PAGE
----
So Buzz Clifford joined the National Guard. When he was released in 1964, he moved to Los Angeles and wrote songs recorded by Connie Stevens, the Music Explosion, Cliff Richard, Ruby And The Romantics, The Friends Of Distinction, Vic Dana, the Sandpipers, John Travolta, Clyde McPhattter and Lou Rawls. He was also part of the band Carp, which included actor Gary Busey. Clifford also collaborated on an album in 1969 with early Beach Boys member David Marks, but it was never released. Buzz Clifford died in 2018.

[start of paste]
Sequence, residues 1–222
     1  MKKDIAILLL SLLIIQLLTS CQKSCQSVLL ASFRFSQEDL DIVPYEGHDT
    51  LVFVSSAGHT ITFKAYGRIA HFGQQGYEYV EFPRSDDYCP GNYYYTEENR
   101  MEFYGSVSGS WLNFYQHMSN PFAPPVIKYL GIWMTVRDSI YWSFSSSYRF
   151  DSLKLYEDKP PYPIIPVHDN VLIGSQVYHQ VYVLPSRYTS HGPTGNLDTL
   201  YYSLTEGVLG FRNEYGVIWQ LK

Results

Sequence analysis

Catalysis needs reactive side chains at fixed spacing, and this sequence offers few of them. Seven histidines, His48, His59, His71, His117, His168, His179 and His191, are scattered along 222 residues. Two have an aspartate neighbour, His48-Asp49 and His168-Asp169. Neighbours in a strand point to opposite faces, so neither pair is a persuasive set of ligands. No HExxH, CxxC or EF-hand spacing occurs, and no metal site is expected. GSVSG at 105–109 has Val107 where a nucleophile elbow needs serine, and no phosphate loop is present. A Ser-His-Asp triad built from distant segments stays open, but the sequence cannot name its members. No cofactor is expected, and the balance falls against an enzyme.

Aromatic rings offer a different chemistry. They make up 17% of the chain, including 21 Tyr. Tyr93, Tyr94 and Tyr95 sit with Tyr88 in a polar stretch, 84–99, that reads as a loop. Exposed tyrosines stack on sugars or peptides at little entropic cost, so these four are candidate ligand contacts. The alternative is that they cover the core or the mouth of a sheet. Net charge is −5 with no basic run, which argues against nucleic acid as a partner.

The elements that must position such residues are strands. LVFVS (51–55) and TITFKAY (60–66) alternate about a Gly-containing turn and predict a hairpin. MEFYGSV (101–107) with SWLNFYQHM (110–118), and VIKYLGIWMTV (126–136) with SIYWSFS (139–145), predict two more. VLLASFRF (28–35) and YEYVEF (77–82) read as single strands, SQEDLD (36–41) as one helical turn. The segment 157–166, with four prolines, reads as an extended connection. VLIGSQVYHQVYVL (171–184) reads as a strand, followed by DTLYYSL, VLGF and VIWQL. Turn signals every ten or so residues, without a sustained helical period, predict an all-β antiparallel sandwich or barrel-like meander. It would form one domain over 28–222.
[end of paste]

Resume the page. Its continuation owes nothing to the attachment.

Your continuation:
“Echo Park” tells of an old man who walks in Echo Park with the photograph of his son. Earlier in his life the he gets a letter from the U.S. military saying “Dear Sir, We regret to inform you, your son will not be coming home…” With the Vietnam War still raging and about to expand into Cambodia and Laos, the tune was discomforting for many American listeners, and was banned in numbers of radio markets. But in Canada, there were numbers of radio markets that sent the song into the Top Ten, including Vancouver with its tradition of having peace marches. Keith Barbour asks in the song’s bridge: “Old man…do you measure life in years, or is one day all you’ll ever know?” The impact of the tragic news of his sons loss haunts and consumed the father. And in his daily ritual of grieving, it is as though the only day that he remembers is the day he learned his son died in combat.